In keeping with this, even as the road map flags the need to address new challenges such as climate change and pandemic preparedness, it emphasises that the private sector must “play an essential role in addressing climate mitigation and the energy transition, including as project implementers, financiers, and innovators”. This sidesteps the evidence that efforts to outsource responsibility to the private sector have not worked in the past. The private sector has been reticent about voluntarily entering areas where financial returns are low even when social benefits are high. Furthermore, efforts to draw it into such activities through public-private partnerships have, in most cases, brought profits to the private sector while leaving risks with governments.
The case seems to be that “given the scale of the financing needs, official multilateral financing must catalyse other financial flows”. However, since many projects linked to challenges such as climate change are unlikely to yield satisfactory monetary returns, private investors are likely to continue to stay away. But, in the World Bank’s perception: “The WBG’s role can be amplified through efforts in areas such as private capital facilitation, (both private capital mobilization (PCM), through co-financing and de-risking, and private capital enabling (PCE), through reforms and public investments), domestic resource mobilization (DRM) and improving the efficiency of public spending.”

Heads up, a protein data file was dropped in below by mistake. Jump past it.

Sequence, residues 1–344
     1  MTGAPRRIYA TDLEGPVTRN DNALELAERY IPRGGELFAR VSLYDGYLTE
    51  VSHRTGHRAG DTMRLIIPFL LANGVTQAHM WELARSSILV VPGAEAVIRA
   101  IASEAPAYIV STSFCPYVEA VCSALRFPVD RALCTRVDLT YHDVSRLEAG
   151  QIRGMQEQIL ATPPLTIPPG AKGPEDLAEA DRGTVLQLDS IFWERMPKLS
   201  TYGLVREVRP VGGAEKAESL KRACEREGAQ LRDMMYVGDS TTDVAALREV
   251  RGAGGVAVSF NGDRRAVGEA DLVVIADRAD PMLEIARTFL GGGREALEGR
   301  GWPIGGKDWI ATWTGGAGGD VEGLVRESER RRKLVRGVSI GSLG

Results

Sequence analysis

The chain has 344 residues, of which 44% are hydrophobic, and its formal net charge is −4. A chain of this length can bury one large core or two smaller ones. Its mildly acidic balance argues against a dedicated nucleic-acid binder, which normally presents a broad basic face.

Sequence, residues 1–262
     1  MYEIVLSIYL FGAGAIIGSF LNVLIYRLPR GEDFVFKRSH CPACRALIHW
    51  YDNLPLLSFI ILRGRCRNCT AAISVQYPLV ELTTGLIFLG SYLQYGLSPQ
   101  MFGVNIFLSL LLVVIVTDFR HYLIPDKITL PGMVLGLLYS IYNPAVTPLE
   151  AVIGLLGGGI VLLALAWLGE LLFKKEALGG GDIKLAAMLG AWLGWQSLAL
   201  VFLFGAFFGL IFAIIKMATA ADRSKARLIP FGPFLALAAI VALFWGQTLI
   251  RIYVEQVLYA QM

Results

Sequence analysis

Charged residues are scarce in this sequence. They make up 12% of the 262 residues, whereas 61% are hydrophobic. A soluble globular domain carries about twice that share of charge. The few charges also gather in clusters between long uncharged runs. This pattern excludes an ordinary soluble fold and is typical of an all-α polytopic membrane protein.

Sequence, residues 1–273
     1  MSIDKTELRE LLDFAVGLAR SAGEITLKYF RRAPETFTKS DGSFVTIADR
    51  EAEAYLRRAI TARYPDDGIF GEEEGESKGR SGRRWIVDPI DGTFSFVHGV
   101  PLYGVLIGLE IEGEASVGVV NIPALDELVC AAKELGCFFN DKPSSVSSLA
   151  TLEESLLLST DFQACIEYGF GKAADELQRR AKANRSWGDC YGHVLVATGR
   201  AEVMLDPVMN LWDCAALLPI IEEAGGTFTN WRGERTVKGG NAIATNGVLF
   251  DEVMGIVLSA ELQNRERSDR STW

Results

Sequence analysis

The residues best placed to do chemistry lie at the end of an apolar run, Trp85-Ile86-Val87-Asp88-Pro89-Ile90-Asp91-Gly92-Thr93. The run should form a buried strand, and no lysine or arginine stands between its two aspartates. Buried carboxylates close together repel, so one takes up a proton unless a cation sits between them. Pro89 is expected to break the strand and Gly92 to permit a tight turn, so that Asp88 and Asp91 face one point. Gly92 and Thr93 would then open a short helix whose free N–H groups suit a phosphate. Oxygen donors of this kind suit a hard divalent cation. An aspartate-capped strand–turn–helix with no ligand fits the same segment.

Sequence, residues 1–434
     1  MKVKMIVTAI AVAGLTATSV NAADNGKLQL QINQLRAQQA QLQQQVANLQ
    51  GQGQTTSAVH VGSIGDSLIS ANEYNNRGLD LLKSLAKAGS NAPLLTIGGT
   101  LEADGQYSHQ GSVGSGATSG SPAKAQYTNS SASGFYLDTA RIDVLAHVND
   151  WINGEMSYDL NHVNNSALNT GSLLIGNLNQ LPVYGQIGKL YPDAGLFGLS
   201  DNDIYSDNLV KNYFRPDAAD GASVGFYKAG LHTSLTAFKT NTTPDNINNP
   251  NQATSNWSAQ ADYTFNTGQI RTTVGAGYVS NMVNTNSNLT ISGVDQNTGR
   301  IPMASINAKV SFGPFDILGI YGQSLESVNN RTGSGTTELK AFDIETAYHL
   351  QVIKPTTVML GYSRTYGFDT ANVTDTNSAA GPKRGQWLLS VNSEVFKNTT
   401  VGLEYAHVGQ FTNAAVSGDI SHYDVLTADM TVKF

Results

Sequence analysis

C.P. Chandrasekhar taught for more than three decades at the Centre for Economic Studies and Planning, Jawaharlal Nehru University, New Delhi. He is currently Senior Research Fellow at the Political Economy Research Institute, University of Massachusetts Amherst, US.